The frequency with which surgical items are retained or fragments of surgical devices are un-retrieved from the patient is higher in the U.S. than in comparable countries. However, there has been a 13% decrease in the U.S. while there has been an 8% increase in comparable countries between 2006 and 2010.
Obstetric trauma during vaginal delivery happens more frequently in the U.S. than in comparable countries, but there has been some improvement in the U.S. between 2008 and 2010.
The five-year survival rates for breast cancer and colorectal cancer in the U.S. are slightly higher than in comparable countries, but the survival rate for cervical cancer is slightly lower. The gap in survival rates between the U.S. and comparable countries is beginning to close. While mortality rates are used to measure the outcomes for most diseases, the quality of cancer care is often assessed through five-year survival rates. The use of five-year survival rates versus mortality rates has been debated recently, though, as survival rates may be more heavily influenced by the time of diagnosis than the actual longevity of the patient. One study also found that while the U.S. outperforms comparable countries on survival rates for breast and colorectal cancer, this is not the case for all cancers, including lung cancer.
While there is debate over the best way to measure outcomes for cancer, the U.S. typically performs better in both mortality rates and five-year survival rates for breast and colorectal cancer. In 2010, the mortality rate for breast cancer in the U.S. was slightly better than the comparable country average. During the same period, there was about a 29% difference in the mortality rate for colorectal cancer in the U.S. (17.6%) and the comparable country average (22.7%).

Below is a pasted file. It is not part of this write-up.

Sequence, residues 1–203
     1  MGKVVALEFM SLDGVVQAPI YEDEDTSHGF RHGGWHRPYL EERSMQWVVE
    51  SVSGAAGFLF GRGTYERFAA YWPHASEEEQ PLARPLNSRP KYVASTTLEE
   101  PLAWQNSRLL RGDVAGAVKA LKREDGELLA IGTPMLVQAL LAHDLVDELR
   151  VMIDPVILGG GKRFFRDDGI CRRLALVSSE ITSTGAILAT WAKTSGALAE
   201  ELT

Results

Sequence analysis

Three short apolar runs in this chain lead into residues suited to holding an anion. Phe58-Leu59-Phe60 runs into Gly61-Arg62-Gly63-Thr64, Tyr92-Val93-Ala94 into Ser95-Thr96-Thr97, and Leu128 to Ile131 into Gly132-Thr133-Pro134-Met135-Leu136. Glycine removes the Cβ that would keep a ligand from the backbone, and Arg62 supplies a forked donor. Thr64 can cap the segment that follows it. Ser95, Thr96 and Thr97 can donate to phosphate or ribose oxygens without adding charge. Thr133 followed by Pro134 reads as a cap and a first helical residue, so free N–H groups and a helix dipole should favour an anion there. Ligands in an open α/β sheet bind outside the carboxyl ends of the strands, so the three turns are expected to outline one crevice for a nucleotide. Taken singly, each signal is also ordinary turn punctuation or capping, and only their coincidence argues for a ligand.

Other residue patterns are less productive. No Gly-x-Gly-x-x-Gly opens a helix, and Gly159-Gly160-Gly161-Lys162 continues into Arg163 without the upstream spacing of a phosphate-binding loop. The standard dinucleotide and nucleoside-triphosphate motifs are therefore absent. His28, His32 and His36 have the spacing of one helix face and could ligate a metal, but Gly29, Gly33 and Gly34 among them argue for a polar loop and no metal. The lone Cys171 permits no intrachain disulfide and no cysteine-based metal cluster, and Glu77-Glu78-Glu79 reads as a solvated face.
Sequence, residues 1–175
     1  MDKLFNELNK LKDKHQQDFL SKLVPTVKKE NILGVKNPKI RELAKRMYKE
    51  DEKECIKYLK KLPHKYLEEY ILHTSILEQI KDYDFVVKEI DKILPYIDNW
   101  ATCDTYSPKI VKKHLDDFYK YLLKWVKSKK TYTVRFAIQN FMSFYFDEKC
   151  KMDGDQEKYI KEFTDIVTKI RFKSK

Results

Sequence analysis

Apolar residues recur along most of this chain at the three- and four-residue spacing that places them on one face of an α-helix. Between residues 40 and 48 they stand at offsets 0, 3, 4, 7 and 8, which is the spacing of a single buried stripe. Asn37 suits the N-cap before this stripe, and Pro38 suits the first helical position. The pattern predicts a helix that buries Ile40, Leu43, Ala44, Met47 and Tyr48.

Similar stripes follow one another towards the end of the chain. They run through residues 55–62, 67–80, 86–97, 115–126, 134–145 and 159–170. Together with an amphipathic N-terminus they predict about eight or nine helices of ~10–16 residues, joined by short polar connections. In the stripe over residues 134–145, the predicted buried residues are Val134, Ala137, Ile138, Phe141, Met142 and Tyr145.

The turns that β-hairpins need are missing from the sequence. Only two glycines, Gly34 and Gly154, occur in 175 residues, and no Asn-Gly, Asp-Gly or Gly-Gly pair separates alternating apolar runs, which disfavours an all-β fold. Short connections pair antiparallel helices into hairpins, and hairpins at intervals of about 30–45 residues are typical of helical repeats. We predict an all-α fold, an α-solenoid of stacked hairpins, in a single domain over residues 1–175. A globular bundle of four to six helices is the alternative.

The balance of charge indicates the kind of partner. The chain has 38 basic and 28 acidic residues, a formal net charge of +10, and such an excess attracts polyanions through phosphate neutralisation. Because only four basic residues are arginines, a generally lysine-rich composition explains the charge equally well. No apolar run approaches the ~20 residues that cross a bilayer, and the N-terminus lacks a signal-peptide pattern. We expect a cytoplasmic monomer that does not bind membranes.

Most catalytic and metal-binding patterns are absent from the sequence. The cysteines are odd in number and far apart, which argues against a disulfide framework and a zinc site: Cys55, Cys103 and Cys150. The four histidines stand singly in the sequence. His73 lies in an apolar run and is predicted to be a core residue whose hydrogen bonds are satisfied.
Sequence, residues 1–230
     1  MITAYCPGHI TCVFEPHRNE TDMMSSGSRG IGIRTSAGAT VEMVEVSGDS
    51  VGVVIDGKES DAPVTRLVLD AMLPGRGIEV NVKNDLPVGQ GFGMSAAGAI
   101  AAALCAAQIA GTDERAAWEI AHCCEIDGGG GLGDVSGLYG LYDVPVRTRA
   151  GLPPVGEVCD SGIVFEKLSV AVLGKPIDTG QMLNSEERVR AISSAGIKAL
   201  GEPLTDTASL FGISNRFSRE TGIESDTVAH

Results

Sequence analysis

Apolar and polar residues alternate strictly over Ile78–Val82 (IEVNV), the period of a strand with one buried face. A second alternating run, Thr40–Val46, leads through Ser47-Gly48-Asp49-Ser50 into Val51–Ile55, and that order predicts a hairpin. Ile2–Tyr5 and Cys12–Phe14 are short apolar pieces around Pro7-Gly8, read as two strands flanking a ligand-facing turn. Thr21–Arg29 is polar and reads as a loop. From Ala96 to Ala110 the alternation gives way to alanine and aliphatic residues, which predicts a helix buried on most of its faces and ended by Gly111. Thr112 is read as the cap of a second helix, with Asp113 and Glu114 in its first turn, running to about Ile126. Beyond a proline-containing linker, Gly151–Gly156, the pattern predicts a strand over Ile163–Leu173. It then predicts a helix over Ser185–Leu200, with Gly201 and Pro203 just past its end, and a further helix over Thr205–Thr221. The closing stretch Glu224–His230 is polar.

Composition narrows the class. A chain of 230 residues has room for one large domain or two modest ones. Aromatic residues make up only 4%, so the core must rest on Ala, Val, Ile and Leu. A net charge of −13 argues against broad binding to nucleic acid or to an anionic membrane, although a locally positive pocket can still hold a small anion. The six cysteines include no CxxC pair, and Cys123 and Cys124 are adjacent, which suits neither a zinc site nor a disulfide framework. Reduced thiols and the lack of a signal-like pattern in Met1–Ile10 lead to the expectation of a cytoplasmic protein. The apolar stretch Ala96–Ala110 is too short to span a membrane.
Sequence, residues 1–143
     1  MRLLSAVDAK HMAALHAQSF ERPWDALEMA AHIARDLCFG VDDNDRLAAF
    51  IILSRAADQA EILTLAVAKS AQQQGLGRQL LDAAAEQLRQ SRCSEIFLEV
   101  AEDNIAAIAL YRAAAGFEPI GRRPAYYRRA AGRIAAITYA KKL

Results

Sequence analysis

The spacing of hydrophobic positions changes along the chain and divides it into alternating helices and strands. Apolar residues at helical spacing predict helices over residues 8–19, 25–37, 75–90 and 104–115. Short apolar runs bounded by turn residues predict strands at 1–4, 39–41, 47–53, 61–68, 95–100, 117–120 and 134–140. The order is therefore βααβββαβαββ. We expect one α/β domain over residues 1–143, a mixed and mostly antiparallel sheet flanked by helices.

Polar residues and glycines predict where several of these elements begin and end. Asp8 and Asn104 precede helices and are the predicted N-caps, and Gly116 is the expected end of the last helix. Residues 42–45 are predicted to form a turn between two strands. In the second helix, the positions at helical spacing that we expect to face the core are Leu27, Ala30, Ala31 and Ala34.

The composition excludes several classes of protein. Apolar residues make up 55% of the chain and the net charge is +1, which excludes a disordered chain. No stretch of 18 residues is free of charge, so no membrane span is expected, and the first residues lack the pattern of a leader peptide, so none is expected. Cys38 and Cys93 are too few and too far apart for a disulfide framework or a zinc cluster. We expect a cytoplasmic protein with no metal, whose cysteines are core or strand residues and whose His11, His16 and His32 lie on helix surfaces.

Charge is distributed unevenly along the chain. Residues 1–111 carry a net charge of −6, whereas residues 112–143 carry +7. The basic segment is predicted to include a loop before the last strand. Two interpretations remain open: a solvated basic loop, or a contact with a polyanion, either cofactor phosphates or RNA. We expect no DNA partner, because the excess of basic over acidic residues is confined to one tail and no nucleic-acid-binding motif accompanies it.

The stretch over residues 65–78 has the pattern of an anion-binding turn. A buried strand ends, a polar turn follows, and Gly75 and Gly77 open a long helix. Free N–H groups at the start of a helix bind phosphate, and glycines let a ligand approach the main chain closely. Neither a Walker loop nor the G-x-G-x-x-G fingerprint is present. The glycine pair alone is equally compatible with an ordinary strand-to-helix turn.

The mortality rate for all cancers (neoplasms) has fallen in the U.S. and in comparable countries over the last 30 years. In the U.S., the age-adjusted cancer rate has fallen from about 242 deaths per 100,000 population in 1980 to about 203 per 100,000 in 2010.
The U.S. and other countries have made dramatic progress in lowering mortality from diseases of the circulatory system. In the U.S., the mortality rate has fallen from 629 deaths per 100,000 population in 1980 to 265 in 2010.
Mortality rates for respiratory diseases have fallen over the last 10 years in the U.S. and across comparable countries.
After rising significantly between 1985 and 1995, mortality rates for these disease have fallen steadily, although they remain substantially higher than the average rate in comparable countries.
According to a recent international survey by the Commonwealth, patients in the U.S. experience more cost-related barriers to accessing care than patients in comparable countries. Cost barriers prevent 37% of American adults in 2013 from filling prescriptions, visiting a doctor for a medical problem, and from receiving recommended care.
According to a recent international survey by the Commonwealth, with the exception of Canada, the U.S. has longer waits for an appointment when patients are sick and need care than comparable countries.
According to a recent international survey by the Commonwealth, patients in the U.S. visit the emergency department for conditions that could have been treated by a regular doctor or place of care more often than people in most comparable countries.